Comedian cleared of criminal damage derides 'preposterous' case against him

Mark Thomas, Channel 4's activist comedian, attacked the decision to bring a court case against him as "preposterous" yesterday, after he was cleared of damaging a mini-van during an anti-arms protest.

Mark Thomas, Channel 4's activist comedian, attacked the decision to bring a court case against him as "preposterous" yesterday, after he was cleared of damaging a mini-van during an anti-arms protest.

At the end of a two-day trial, Mr Thomas and three fellow protesters were found not guilty of two counts of causing criminal damage to the bus, which was taking BAE Systems workers to an arms fair in Docklands, London.

The prosecution had alleged that the men had scratched the roll bar when they chained themselves to the vehicle on 12 September in an attempt to prevent the delegates attending the Defence Systems and Equipment International weapons fair. The prosecution estimated that the men caused £80 of damage. But Stratford magistrates in east London said it could not be proved that Mr Thomas and his colleagues had caused the alleged damage. The court agreed with an independent expert witness, called by the defence, that the roll bar had not been damaged to the extent suggested by a police vehicle examiner.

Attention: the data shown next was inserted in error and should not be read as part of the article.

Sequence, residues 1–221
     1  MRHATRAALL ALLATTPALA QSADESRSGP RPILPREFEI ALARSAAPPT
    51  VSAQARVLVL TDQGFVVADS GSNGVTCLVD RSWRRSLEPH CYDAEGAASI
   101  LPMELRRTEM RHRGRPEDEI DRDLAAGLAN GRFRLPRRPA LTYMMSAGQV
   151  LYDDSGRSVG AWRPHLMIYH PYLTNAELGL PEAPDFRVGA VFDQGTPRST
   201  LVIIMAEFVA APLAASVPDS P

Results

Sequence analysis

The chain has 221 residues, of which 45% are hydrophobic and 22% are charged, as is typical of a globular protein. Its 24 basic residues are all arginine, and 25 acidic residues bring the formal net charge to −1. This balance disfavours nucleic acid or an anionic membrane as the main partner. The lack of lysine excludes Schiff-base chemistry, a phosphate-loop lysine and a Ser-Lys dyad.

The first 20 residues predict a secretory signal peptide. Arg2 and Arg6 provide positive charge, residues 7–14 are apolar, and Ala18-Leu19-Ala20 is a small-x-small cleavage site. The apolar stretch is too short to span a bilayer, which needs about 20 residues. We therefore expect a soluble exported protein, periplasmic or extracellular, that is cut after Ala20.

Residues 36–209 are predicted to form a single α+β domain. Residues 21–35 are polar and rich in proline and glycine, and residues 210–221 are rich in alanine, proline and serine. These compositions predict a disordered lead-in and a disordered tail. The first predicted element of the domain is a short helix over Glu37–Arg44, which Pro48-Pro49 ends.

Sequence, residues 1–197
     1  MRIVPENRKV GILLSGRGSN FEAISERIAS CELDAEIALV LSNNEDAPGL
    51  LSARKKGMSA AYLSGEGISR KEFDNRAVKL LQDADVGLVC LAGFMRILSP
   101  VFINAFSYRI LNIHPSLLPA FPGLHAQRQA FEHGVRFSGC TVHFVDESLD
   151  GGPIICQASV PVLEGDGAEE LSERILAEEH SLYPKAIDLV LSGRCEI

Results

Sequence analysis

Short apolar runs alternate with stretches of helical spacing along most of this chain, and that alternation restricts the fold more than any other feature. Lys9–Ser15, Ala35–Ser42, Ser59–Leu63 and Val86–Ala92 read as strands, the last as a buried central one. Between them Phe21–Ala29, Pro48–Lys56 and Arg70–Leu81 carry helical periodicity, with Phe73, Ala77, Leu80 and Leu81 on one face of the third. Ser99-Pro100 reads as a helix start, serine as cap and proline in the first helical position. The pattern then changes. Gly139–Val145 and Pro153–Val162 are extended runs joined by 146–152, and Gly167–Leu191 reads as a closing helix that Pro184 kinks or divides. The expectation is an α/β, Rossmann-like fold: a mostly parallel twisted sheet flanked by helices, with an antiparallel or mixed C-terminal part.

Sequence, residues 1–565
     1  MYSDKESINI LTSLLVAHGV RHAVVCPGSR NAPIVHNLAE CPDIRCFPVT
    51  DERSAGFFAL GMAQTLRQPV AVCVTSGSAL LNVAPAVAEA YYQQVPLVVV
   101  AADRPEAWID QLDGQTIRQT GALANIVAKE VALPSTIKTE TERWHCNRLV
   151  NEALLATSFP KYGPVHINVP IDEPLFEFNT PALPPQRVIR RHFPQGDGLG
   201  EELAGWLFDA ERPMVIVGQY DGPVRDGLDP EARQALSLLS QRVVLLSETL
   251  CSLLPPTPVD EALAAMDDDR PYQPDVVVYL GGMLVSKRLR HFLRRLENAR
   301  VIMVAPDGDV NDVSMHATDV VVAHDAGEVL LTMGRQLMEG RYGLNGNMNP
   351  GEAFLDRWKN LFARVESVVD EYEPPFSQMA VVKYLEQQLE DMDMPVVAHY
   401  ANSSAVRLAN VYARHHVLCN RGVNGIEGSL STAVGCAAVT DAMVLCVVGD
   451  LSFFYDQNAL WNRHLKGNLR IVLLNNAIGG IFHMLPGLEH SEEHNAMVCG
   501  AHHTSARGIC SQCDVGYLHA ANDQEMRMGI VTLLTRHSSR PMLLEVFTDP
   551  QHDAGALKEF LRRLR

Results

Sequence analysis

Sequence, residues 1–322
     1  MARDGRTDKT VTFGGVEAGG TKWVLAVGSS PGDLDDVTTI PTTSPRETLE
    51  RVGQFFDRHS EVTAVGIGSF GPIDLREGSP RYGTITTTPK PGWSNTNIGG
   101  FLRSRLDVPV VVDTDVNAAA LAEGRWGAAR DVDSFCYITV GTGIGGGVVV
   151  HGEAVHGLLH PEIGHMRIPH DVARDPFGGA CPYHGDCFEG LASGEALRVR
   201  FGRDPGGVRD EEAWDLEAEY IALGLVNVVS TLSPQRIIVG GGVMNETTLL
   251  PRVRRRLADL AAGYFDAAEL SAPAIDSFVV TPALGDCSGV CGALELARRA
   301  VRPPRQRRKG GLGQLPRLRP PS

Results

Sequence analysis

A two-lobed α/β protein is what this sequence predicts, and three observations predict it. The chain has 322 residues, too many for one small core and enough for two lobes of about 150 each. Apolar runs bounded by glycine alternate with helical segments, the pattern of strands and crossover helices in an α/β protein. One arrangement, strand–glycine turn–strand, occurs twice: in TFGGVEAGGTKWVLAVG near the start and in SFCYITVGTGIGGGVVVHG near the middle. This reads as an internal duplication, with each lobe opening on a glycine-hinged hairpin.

The three magistrates added that there was no evidence that the owner of the bus had suffered economic loss as a result of the protest.

Speaking outside the court, Mr Thomas said: "Obviously, I'm glad that we were found not guilty. It's fairly preposterous that they spent this money to try to bring a case where there was no damage. I think what they wanted to do was to bring as many cases against the arms protesters as possible. I think we just got caught up in that.

"It's the arms dealers who should be prosecuted,'' added Mr Thomas, who has long targeted the international arms trade in his Channel 4 television show The Mark Thomas Comedy Product.

"The arms fair sells huge amounts of weapons specifically designed to take human life,'' he added, explaining why he and his colleagues, Bobby Kool Von Kleef, Steve Selby and Salvatore Bartolomei, staged the protest.

Andrew Catson, the solicitor representing the four men, said: "I think it's outrageous that this case was ever brought."

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